For example, conservative talk station WPGB-FM (104.7) has had success here with its political talk format on an FM station: It was tied for sixth place in the summer Arbitron ratings.

If FM is being positioned to accommodate talk shows, powerhouse AM stations like KDKA, which slipped to second place among total listeners in the Arbitron ratings in the past year, are re-tuning to remain competitive.

News/talk KDKA is going back to its roots as a full-service mainstream news station, expanding its daily news programming with a two-hour evening block of news reminiscent of its old "90-to-6" afternoon-drive news show. It also added an hour of news during the noon lunch hour.

Clark says the focus will be on covering breaking news and then sparking discussion about it on local and syndicated talk shows.

By dropping its evening sports-talk show and expanding sports news within the new long-form news shows, KDKA is positioning itself away from a glut of evening sports talk on two full-time AM sports formats -- ESPN's WEAE-AM (1250) and Fox Sports WBGG-AM (970) -- and an evening sports talk show on WPGB.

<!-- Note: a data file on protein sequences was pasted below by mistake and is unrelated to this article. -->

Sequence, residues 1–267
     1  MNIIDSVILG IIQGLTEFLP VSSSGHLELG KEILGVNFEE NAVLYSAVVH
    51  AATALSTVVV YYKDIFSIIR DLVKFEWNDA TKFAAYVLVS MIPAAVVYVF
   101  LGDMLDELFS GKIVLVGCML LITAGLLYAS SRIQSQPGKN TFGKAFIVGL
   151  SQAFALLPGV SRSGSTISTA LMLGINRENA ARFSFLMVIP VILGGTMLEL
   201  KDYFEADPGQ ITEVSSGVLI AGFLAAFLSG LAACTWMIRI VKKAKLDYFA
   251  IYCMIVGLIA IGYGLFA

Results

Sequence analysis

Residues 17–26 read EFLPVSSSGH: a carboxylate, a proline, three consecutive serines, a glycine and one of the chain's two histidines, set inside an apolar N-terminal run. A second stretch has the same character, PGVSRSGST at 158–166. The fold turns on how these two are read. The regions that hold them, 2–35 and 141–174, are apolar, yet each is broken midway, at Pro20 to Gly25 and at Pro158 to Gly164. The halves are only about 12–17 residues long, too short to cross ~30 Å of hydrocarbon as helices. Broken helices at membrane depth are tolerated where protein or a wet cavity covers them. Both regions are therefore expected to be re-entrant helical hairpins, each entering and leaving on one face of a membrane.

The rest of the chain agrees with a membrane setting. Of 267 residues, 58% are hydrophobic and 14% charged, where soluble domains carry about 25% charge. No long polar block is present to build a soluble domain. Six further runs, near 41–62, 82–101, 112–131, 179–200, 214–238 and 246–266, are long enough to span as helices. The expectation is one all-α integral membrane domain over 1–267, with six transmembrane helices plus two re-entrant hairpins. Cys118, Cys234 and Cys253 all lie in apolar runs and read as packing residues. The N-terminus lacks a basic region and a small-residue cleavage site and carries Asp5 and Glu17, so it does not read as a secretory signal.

How are we listening?

Programming is in flux and, along with it, perhaps the biggest wave to hit radio: the new methods of delivering that programming.

A number of local stations launched podcast versions of their talk shows in the past year. Lynn Cullen or Doug Hoerth fans who miss their WPTT-AM (1360) talk shows while working can download and listen when it's convenient. The WPTT site has about a week's worth of programs archived, with guests and topics listed, making it easy to pinpoint segments of interest.

"All radio stations should take advantage of the opportunity to distribute their content through new media," Pollack says. "Surprisingly, there are still not that many commercial stations in the U.S. offering regular podcasts. However, the number is growing daily."

Apart from developing online content, many local music stations are turning to HD Radio, with its multiple channels of commercial-free music. Local public radio stations classical WQED-FM (89.3) and jazz/NPR WDUQ-FM (90.5) have HD channels. In the commercial arena, CBS and Clear Channel have added new formats that complement their main broadcast channels.

"Terrestrial radio is facing the same situation with music programming that terrestrial television -- meaning VHF and UHF -- has faced with movie programming," says Michael Harrison, publisher of the trade publication Talkers magazine. "Now that they've experienced something better, audiences do not want this kind of programming broken up by commercial interruptions or promotional clutter. Add to that the desire for on-demand variety specifically geared to individual tastes, and you can never go home again."